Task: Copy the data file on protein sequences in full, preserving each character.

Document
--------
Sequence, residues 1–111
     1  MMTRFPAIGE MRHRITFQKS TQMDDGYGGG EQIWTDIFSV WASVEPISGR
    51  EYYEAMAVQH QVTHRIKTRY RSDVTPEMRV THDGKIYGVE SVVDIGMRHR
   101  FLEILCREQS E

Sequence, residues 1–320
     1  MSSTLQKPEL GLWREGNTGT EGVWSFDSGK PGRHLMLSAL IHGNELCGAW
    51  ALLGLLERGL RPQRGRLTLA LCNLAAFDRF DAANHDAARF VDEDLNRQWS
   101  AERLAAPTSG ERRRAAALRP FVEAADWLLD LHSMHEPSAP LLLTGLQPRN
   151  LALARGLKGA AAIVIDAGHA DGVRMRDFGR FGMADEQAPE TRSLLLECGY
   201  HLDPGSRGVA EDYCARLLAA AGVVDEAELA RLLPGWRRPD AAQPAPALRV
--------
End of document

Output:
Sequence, residues 1–111
     1  MMTRFPAIGE MRHRITFQKS TQMDDGYGGG EQIWTDIFSV WASVEPISGR
    51  EYYEAMAVQH QVTHRIKTRY RSDVTPEMRV THDGKIYGVE SVVDIGMRHR
   101  FLEILCREQS E

Sequence, residues 1–320
     1  MSSTLQKPEL GLWREGNTGT EGVWSFDSGK PGRHLMLSAL IHGNELCGAW
    51  ALLGLLERGL RPQRGRLTLA LCNLAAFDRF DAANHDAARF VDEDLNRQWS
   101  AERLAAPTSG ERRRAAALRP FVEAADWLLD LHSMHEPSAP LLLTGLQPRN
   151  LALARGLKGA AAIVIDAGHA DGVRMRDFGR FGMADEQAPE TRSLLLECGY
   201  HLDPGSRGVA EDYCARLLAA AGVVDEAELA RLLPGWRRPD AAQPAPALRV